An amendment to the Clinical Laboratory Improvement Amendments of 1988 regulations announced today by the U.S. Department of Health & Human Services boosts access to completed lab test results for patients and designated patient representatives. The final rule, to be officially published in the Federal Register Feb. 6, also eliminates an exception under HIPAA that kept patients from accessing their own protected health information when it was held by a CLIA-certified or CLIA-exempt lab. Read more...
Providers of all types and sizes should work to reduce the threat of patient harm when electronic health records are used, and learn to apply best practices by relying on the Office of the National Coordinator for Health IT's new SAFER guides, according to several developers of the guides, speaking on a webinar produced by ONC on Jan. 30.
We tell our kids to own up to their missteps and correct them. But too many adults don't seem to follow the same advice, blaming others for their own errors and failing in some instances to even acknowledge their accountability, let alone step up to the plate and fix it. Unfortunately, the electronic health record industry is not immune from this problem. In recent weeks we've seen a rash of these instances.
Using the features in an electronic health record can improve identification and follow up of infants born to mothers infected with Hepatitis C and at high risk of the disease themselves, according to a study published this month in the Pediatric Infections Disease Journal.
Newly appointed National Coordinator for Health IT Karen DeSalvo talked about the importance of constant progression for health IT as ONC enters what she called a "pivot" stage, at a town hall meeting Thursday afternoon at the agency's annual meeting in Washington, D.C.
With 11 acute care hospitals, six diagnostic treatment hospitals and four long-term treatment facilities, the New York City Health and Hospitals Corporation is a busy and dynamic place. That can be rewarding, but size and volume present challenges, too. Technology can play a real role in improving the quality and efficiency of care, Louis Capponi, M.D., chief medical informatics officer for HHC, told FierceHealthIT in an exclusive interview.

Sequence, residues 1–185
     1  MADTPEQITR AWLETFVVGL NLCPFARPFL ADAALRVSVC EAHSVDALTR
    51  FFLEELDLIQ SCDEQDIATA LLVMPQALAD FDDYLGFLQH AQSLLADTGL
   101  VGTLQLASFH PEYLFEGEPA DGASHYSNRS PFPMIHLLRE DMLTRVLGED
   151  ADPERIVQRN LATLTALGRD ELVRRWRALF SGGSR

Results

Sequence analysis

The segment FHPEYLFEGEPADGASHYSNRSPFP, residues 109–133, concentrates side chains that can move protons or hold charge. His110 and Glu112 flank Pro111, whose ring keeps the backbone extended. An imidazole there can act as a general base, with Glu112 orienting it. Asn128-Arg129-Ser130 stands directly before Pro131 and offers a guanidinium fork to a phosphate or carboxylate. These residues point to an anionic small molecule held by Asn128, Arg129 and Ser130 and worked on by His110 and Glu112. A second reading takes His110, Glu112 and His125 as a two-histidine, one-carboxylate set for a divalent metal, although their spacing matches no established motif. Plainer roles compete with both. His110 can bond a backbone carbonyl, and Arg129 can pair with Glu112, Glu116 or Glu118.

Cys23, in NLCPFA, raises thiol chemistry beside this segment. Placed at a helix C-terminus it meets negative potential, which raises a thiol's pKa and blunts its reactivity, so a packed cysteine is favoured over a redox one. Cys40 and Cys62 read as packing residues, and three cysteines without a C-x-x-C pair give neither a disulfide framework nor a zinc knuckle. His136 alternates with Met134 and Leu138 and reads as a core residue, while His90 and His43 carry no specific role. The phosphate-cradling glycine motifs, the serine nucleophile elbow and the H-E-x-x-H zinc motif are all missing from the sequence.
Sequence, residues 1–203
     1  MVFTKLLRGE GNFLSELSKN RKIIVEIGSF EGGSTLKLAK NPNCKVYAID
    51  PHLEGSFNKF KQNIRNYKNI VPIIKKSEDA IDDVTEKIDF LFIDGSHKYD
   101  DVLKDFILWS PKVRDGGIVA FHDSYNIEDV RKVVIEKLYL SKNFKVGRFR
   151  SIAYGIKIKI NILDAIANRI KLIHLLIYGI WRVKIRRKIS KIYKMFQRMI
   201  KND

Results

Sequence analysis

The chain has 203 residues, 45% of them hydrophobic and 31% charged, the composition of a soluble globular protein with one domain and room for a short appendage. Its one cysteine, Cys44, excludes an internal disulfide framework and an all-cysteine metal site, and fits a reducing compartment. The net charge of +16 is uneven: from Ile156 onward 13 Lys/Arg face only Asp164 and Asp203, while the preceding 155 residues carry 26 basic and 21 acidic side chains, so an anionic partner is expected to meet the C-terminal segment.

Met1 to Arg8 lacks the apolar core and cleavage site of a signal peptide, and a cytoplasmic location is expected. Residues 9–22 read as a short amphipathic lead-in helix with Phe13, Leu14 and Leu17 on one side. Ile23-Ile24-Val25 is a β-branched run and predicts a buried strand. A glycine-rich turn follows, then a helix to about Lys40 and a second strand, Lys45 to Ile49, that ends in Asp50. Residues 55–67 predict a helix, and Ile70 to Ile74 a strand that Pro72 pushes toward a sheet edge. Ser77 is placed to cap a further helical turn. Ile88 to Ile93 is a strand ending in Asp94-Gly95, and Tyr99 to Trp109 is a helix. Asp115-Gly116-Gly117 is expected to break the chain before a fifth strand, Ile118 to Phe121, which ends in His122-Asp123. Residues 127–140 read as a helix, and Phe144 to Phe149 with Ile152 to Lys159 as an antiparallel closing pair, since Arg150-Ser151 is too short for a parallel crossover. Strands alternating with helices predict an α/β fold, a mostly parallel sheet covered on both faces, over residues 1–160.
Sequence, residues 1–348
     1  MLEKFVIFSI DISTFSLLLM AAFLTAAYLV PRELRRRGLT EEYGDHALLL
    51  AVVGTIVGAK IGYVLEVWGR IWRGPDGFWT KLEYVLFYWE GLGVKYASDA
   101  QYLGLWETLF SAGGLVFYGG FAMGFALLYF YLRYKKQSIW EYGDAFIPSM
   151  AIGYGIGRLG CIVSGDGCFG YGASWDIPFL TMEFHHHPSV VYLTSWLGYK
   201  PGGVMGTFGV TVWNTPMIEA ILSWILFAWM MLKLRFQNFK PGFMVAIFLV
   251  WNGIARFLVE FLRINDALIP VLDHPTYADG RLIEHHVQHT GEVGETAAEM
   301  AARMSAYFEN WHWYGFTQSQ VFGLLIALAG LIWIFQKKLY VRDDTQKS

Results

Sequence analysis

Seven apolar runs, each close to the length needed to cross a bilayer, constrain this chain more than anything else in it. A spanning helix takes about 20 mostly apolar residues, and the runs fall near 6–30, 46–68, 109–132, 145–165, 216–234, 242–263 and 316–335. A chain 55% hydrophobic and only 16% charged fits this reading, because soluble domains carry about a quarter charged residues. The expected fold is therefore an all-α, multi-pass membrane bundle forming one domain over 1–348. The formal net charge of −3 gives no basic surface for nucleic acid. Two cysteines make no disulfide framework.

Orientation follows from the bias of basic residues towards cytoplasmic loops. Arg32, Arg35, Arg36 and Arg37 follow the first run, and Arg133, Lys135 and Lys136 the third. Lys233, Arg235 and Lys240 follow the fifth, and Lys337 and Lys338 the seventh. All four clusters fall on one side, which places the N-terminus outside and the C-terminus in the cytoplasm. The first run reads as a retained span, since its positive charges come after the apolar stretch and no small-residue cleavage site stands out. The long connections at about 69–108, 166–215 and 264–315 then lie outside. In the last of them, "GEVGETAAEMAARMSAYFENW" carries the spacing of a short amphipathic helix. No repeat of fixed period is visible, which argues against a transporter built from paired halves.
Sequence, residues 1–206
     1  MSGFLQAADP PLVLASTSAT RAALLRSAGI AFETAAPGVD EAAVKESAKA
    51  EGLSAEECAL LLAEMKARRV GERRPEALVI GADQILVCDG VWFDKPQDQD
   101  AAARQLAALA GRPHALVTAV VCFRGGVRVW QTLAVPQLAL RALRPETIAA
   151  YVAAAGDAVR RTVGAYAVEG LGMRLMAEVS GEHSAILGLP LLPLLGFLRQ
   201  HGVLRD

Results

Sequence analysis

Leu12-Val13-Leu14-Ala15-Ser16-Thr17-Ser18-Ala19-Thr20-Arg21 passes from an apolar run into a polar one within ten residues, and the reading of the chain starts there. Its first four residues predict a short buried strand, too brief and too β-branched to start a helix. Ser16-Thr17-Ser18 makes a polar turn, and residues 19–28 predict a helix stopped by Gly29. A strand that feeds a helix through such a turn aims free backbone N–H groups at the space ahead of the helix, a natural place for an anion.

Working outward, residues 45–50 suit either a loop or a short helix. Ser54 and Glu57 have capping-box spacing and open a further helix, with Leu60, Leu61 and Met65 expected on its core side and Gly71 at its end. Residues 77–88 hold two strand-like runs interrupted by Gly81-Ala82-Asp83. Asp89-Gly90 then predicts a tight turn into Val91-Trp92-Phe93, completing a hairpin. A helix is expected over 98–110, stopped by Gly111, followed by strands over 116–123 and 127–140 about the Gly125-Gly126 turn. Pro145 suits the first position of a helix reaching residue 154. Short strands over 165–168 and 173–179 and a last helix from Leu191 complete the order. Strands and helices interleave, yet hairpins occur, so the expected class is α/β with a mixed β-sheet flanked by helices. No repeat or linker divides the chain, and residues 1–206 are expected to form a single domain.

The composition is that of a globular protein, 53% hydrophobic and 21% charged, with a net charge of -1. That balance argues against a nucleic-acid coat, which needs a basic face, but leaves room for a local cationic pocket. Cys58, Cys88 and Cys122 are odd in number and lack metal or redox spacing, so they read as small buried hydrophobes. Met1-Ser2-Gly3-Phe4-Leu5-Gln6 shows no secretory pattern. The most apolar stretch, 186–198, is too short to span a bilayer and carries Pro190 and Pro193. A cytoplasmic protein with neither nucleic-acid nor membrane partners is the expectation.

With an eye on improving healthcare quality and efficiency, the U.S. Department of Health & Human Services and the U.K.'s National Health Service will share health IT information and tools with one another after signing an agreement Thursday at the Office of the National Coordinator for Health IT's annual meeting in Washington, D.C.
Technology, including portals and text alerts, is at the heart of one Beacon Community's efforts to improve communication between caregivers, physicians and schools about managing children's asthma.
Patient participation in health information exchange efforts would go a long way toward improving quality and safety efforts, according to Joseph Schneider, vice president, chief medical information officer and medical director of clinical informatics at Baylor Health Care System.
Chicago-based Rush Health plans to create a private health information exchange to better connect its three hospitals and close to 1,000 physicians.